A few years ago, I was offered a job working for an organisation that supported flexible working. On accepting the offer, my manager and I agreed that on a Monday and Friday I could work from home (wfh) with flexibility around my working day, as long as my client group weren’t impacted, so that I could take my children to their after-school activities on these days.
After 6 months or so, my manager had moved on and their manager was now my manager. When we discussed the agreement about my working patterns this more senior manager chuckled and said, ‘in 5 years’ time I am sure we will look back on this conversation and laugh. But there is no way you can work like that [flexibly]; the business just isn’t ready for that kind of working.’ Despite my client group always being able to contact me and me never missing a deadline or letting anyone in the business down, there was no budging on where and when I performed my job.
I am sure I am one example of countless others who, over the years, have demonstrated that it doesn’t matter where or when you work, it’s about the outcomes you deliver and the value you add – and, that with flexibility there is an expectation that you too will flex.
So, what does flexibility mean?
Flexible working might include reduced hours (part-time hours), compressed hours (fitting a full-time job into less days), working remotely – from home, from the gym, from a café, out on a walk, working outside of normal working hours, working across more days / nights, specific finishing times, summer hours, alternate working hours over a fortnight, monthly hours, term time hours – the list goes on. The point is, flexible working is different for different people. Obviously, there are some tasks that require a lot more privacy or security than others so there will need to be some boundaries in place.
Flexible working is not a perk
There has been a flurry of recruitment posts recently which advertise flexible working as a company benefit:
‘Flexible working approach, with a balance of being in the office and working from home’
‘Remote working – more of us are currently working remotely than usual, but longer-term you can balance working remotely with working in the office, giving you the opportunity to connect with colleagues’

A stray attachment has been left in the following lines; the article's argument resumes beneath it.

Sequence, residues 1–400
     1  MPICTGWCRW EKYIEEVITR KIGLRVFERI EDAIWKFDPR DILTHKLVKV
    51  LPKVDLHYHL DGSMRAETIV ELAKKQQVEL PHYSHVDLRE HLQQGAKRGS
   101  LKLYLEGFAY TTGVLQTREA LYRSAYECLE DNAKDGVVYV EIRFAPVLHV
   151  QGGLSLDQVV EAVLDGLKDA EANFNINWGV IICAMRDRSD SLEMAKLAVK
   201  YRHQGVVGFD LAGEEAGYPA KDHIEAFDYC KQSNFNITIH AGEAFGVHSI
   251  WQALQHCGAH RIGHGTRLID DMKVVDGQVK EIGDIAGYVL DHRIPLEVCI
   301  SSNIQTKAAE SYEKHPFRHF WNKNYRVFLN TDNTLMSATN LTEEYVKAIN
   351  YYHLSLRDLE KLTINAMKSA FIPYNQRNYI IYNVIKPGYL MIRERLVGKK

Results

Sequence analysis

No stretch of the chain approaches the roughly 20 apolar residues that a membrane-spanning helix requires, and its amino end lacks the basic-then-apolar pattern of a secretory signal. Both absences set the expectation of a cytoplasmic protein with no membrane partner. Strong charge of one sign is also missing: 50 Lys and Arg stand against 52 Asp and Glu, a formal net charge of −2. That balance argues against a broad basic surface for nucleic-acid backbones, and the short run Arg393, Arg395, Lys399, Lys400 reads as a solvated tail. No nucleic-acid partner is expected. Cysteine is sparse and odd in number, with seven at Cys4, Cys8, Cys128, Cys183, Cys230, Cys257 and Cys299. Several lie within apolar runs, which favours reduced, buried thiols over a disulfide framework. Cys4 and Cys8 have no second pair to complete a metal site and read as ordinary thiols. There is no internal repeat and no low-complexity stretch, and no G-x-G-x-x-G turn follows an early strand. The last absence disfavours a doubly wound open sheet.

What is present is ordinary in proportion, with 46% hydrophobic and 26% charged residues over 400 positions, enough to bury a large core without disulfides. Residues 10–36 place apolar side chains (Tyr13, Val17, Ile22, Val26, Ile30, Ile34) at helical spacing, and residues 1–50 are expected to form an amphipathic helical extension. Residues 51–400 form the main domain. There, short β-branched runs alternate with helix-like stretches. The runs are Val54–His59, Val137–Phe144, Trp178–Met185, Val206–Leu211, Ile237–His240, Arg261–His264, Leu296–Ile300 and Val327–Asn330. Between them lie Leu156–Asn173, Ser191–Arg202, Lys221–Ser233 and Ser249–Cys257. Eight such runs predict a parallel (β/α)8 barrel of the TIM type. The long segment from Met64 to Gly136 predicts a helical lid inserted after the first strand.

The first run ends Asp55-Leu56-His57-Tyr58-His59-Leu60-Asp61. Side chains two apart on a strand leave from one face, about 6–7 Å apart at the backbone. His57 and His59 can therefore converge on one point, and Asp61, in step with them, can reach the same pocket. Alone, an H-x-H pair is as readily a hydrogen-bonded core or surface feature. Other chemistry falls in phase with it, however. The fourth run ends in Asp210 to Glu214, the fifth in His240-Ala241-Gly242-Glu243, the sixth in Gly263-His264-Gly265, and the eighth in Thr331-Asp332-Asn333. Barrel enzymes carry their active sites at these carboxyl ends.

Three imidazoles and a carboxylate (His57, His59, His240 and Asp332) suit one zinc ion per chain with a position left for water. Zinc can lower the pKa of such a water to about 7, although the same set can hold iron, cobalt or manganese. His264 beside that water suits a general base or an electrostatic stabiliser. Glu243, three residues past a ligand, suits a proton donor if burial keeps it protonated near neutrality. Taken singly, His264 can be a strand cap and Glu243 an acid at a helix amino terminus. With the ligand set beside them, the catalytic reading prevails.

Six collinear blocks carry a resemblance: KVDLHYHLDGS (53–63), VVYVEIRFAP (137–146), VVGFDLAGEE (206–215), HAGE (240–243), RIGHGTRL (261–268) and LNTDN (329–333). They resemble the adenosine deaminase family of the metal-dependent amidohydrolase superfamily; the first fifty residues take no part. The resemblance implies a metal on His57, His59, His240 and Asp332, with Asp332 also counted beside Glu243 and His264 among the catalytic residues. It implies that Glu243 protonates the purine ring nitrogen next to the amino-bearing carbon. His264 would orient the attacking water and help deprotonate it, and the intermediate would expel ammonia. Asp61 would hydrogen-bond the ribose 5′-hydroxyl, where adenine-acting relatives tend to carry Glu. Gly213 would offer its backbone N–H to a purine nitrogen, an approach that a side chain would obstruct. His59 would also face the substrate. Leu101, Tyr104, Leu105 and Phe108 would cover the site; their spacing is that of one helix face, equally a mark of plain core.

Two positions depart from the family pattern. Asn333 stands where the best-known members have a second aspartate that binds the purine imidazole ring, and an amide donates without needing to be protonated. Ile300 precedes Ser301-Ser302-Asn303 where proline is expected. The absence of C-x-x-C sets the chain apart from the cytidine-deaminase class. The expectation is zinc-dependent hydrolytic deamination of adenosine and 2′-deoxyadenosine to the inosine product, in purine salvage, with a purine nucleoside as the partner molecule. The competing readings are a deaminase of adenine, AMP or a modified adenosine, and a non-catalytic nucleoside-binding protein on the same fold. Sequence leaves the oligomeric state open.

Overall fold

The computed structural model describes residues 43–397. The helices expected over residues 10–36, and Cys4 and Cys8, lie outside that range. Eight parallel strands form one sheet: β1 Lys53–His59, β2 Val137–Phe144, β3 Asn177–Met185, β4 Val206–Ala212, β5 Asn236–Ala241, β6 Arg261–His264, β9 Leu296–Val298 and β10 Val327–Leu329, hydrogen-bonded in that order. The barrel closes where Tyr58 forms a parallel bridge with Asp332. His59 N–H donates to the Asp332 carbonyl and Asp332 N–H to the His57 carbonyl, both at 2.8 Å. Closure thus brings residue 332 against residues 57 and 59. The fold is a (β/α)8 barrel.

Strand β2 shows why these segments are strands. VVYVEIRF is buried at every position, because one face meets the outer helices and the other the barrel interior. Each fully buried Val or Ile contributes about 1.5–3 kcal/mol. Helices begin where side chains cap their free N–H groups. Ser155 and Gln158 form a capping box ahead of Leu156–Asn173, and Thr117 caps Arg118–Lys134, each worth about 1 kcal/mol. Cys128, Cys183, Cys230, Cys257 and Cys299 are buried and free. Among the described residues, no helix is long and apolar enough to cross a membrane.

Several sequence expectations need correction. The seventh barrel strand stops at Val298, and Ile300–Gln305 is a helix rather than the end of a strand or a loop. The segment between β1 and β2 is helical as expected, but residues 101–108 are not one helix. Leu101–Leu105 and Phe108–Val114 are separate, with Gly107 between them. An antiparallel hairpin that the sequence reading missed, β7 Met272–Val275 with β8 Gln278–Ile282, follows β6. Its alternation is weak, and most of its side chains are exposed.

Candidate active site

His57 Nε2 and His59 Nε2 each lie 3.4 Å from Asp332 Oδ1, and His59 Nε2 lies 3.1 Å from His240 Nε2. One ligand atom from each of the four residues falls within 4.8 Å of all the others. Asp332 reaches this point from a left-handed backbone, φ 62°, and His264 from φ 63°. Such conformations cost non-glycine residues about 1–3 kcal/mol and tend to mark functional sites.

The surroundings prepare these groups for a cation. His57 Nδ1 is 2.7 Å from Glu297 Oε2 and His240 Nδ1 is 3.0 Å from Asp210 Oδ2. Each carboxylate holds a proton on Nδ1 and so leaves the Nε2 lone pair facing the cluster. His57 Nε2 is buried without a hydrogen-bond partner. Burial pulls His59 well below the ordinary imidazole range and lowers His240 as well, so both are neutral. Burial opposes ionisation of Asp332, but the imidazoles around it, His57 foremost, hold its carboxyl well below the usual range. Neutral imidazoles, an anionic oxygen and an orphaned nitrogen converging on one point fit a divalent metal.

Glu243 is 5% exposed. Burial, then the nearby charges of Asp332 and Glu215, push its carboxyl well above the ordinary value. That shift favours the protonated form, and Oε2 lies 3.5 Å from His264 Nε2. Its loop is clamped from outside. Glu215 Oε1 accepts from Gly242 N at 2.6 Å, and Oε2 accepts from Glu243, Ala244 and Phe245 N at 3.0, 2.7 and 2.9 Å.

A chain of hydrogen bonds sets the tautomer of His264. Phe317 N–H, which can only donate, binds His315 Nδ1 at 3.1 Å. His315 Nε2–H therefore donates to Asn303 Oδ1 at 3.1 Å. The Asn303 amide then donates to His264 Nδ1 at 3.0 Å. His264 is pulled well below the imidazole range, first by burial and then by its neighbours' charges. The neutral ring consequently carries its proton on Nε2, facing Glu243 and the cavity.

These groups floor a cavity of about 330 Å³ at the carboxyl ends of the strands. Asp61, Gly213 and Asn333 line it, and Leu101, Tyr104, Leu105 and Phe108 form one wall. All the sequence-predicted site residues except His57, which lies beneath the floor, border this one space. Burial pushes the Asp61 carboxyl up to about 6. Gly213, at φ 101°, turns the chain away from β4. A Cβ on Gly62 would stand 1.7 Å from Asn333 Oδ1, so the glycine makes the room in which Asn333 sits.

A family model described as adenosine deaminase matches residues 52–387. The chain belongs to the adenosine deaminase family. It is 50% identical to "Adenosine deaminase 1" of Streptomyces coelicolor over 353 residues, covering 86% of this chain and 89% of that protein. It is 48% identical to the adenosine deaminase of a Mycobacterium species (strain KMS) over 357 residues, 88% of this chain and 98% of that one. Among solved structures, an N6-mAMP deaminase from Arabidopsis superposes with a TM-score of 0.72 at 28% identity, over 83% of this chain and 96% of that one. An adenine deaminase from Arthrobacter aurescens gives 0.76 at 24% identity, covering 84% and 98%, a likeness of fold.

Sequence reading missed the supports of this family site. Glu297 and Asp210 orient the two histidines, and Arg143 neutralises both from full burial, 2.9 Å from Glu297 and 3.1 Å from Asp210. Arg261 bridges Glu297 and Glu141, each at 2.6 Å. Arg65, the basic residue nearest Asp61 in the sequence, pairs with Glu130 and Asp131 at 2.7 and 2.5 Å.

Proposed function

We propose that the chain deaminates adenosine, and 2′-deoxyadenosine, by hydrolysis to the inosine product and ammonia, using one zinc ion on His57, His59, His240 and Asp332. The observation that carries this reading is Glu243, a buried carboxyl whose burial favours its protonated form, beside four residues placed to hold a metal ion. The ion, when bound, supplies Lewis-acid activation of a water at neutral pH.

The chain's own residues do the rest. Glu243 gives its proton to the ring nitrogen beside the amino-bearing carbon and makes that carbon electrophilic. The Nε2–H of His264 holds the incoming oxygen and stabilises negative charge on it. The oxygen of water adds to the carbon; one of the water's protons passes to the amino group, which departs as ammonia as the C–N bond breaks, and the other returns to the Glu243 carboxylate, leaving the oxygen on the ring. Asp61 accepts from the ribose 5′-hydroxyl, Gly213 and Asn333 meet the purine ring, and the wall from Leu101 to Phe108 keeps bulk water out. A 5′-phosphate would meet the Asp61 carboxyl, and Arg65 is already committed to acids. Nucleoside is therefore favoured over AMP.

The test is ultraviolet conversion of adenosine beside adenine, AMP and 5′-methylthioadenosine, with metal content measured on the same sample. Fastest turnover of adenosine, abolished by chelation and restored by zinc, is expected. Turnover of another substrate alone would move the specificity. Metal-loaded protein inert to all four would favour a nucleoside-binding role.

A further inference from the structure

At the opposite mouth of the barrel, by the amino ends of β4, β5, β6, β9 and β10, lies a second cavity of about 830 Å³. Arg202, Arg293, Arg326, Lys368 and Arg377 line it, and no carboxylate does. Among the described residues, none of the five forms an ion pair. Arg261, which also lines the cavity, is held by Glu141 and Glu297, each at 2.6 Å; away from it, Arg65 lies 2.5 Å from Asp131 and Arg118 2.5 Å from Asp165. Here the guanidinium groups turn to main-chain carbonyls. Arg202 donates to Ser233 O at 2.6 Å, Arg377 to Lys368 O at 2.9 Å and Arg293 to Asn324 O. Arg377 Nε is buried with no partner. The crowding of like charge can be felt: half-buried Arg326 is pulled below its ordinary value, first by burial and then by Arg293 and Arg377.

Seriously? Flexible working is not a perk, it is something that should be standard. It doesn’t only benefit the employee but also the business. Recruitment group, Robert Half, suggest there are 5 benefits of offering flexible working:
- Increased productivity
- Reduces stress and burnout
- Promotes a healthy work-life balance
- Improved job satisfaction
- Attraction of top talent
I would certainly add another, ‘Values Employees’. Ultimately, we spend more awake hours working than doing anything else. As humans, our intrinsic motivation comes from a sense of value. When we feel valued, we are motivated to do a good job, remain loyal and to offer more discretionary effort.
Timewise ‘2021 Flexible Jobs Index’ found that only 1 in 4 jobs are advertised as being flexible in some way. In other words, 75% of jobs advertised are not obtainable for those who aren’t able to work full-time hours / 5 days per week. There is obviously so much more we need to do to make flexible working the norm.
Let’s get flexible, flexible…
If you’re a business leader just new to this whole flexible working or want to move beyond just a ‘hybrid’ approach as a means to be flexible, why not start just by experimenting with some options that might work. Give it a few months and see what else you could do to improve flexibility in your workplace.
Firstly, what flexibility is for me could be completely different for what it is for you. Advice… Ask your employees and your team what flexibility means for them.
Second, why not start with what needs to be delivered. What is it that your team needs to achieve? From there, think about the best ways to achieve this. It might be an administrative struggle for a while but longer term, this is a great way to be truly flexible. Some weeks might be more meeting heavy, they might be more project focused or they might require a lot of deep thought. Identify how flexible you can be as a team to enable everyone the ability to work flexibly.
If you’re about to start a new job, be sure to agree during your offer stage what flexibility means for you. This is the perfect opportunity to be clear about your non-negotiables or things that will give you the best chance at success in your new role.
What else would you include in your flexible working list?
For more information on how to improve flexibility in your organisation, get in touch, email@example.com